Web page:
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Introducing the brand new automated library

Site director Nettie-Lee Calog and library patron and volunteer Zach Fukuda, 15, look over the automated receipt he got after checking out his books. (Cindy Yingst)
By Cindy Yingst, Thursday, March 14, 2019

Warrenton Community Library started a new chapter this month.

New computers. New library cards. New shelving. And, finally, automation.

There’s a website now where patrons can look up books and -- just like Fred Meyer and Walmart – have their selections ready for pick up without having to walk up and down the aisles.

And check out “Answerland,” a reference service on the website that’s linked to librarians across the state. They’re available to provide research guidance 24/7.

“It’s just come such a long way from Hammond,” said Nettie-Lee Calog, the library’s site director.

The former library was housed in a small building in Hammond until structural problems required the city to find a new location. In the summer of 2017, the library moved downtown to a larger more accessible site.

“It’s still kind of a work in progress,” Calog said. “Have you ever remodeled your house and lived in it? That pretty much sums it up. I haven’t been able to find anything for four months. Stray books all over the place – unsure how to catalog, not sure of records. It’s a whole new ballgame.”

But the changes, if not smooth, have been essential to bring the library into the 21st century.

“It’s easier now and I like the website; I went on it the other day to look up a couple books,” said Zach Fukuda, 15, who was checking out books on Wednesday.

Not only is Zach a voracious reader, he volunteers at the library during the summer. He has used Answerland for a school project.

It’s for young people like Zach that the city and its residents decided against letting the site slip into oblivion or close.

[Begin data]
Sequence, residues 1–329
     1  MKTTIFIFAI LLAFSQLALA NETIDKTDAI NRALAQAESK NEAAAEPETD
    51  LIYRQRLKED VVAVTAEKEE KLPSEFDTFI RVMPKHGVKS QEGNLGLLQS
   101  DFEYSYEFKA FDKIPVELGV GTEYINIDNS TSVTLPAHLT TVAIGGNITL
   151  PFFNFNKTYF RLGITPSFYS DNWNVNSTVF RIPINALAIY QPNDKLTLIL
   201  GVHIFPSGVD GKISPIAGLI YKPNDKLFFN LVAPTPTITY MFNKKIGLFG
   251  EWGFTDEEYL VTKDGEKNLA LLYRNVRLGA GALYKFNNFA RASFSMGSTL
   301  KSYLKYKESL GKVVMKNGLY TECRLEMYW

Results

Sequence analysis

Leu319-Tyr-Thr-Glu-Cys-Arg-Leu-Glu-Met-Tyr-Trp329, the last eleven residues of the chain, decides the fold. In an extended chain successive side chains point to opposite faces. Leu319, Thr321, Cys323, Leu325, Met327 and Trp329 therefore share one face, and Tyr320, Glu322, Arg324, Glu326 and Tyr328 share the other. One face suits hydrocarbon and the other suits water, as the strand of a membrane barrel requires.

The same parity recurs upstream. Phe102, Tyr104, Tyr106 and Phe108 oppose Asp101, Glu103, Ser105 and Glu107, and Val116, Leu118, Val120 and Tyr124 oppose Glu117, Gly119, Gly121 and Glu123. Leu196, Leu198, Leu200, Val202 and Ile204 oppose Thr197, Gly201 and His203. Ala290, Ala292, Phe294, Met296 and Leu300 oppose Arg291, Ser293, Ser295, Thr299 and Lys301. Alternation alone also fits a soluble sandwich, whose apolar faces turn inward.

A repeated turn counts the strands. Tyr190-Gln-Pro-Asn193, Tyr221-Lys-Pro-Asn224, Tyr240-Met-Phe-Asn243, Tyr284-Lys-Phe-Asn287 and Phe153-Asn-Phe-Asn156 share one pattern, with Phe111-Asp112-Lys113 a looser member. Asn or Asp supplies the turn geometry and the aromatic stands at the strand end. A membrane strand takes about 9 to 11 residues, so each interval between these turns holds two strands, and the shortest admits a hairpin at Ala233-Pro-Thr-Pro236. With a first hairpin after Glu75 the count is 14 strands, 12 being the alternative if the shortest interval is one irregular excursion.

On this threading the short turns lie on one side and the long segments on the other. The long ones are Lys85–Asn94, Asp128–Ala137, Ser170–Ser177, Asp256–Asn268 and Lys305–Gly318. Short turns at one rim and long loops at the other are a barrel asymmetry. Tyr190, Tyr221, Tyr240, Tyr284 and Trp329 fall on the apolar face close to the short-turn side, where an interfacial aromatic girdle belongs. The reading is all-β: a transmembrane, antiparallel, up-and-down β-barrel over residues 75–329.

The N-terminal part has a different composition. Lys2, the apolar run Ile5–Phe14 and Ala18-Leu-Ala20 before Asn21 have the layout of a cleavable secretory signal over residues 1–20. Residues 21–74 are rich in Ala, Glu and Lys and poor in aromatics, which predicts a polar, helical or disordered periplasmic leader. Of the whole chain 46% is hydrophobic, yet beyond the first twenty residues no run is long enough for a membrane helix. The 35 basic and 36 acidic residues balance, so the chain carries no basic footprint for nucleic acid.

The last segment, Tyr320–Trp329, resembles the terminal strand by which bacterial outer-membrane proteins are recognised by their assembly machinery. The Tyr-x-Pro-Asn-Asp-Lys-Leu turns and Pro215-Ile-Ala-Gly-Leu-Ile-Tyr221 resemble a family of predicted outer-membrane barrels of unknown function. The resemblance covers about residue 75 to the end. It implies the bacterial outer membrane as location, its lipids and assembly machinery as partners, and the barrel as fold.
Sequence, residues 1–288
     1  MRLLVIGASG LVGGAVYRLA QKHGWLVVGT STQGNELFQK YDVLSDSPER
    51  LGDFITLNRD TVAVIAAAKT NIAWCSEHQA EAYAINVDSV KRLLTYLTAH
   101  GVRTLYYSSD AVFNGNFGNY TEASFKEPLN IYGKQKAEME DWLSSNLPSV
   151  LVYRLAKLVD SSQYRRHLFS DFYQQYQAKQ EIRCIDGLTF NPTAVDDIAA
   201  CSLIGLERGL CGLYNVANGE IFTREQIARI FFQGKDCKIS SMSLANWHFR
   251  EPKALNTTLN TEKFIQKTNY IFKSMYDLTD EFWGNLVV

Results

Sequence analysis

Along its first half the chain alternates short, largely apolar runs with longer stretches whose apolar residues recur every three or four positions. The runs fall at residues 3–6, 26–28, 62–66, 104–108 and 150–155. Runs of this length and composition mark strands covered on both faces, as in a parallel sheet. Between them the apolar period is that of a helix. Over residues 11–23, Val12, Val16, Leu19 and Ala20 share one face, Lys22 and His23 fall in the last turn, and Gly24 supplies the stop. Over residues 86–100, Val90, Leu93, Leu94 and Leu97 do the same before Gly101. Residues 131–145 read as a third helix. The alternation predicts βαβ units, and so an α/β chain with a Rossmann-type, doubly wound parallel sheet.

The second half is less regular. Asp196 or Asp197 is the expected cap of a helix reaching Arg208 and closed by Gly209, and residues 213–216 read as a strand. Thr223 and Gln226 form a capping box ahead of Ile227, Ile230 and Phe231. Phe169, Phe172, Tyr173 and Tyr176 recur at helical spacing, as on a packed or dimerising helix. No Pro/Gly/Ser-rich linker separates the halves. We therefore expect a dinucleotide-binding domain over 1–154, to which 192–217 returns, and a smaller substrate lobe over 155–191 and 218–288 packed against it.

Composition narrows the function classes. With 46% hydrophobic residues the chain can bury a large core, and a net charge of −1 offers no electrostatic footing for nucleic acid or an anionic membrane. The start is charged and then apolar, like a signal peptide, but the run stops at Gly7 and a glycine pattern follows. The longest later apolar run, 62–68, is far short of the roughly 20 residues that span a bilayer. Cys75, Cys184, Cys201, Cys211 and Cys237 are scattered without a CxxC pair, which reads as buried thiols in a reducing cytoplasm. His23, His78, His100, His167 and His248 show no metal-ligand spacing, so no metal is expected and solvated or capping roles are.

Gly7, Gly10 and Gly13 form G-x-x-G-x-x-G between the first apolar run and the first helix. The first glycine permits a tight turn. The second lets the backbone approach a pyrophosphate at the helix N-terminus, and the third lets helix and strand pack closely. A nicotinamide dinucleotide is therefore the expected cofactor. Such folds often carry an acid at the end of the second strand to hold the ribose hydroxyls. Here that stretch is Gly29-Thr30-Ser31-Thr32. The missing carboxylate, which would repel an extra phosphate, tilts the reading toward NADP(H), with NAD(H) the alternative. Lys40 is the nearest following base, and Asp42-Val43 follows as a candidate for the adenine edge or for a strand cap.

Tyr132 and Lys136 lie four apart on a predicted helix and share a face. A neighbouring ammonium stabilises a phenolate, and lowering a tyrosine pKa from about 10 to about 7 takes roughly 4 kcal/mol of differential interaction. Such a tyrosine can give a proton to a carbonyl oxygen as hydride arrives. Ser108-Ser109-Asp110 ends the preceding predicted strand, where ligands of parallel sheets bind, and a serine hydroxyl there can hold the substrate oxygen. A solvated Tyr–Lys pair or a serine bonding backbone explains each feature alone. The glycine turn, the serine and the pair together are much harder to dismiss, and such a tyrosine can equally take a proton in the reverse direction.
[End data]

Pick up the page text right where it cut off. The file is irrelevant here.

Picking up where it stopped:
In November 2017, Warrenton voters approved a property tax levy of 33 centers per $1,000 of assessed value. It brings in nearly $190,000 per year, which means the library could hire more staff and stay open regular hours, 10 a.m. to 6 p.m. weekdays and 10 a.m. to 2 p.m. Saturdays.

The levy helps the city pay rent and make improvements to the building. And it allowed the hiring of two additional part-time staff members, one of them working specifically on children’s programs.

A year ago, city commissioners voted to partner with the city of Seaside in an application for a Library Services and Technology Act grant, which it won. Federal funds were used to automate the book check-out/check-in process, formerly done by hand with a rubber stamp. The system emails a reminder when books are nearly due.

And there’s an entire database of digital books and magazines that can be downloaded to Kindles and other readers for free.

All the city’s books and other offerings are going into a digital catalog, which is shared with Seaside.

Eventually every other library in the county could jump aboard and books shared throughout the system.

Library staff also jumped on the chance to get a free professional shelving system from George Fox University, which gave them away when the Hillsboro campus closed.

City Commissioner Rick Newton is donating cedar for a new sign that will be designed and made by a local resident. He’s also working on some sculptures that would go in front of the library.

“It’s just coming into the current century,” Calog said. “Everything is more user-friendly. There are more opportunities to do all kinds of things. You can look at magazines online, do your resume. It’s a whole new world. But we’re still cute and eccentric and that’s OK.”

Stickers, such as a cactus for western and a heart for romance, indicate each book's genre. (Cindy Yingst)

Nettie-Lee Calog stands behind heavy steel doors in the video vault, which holds hundreds of movies and documentaries. The library building once housed a bank. (Cindy Yingst)

Paula Duncan (left), who is in the Easter Seals' Senior Community Services Employment Program, gets a lesson from library volunteer Lyn Hadley. (Cindy Yingst)


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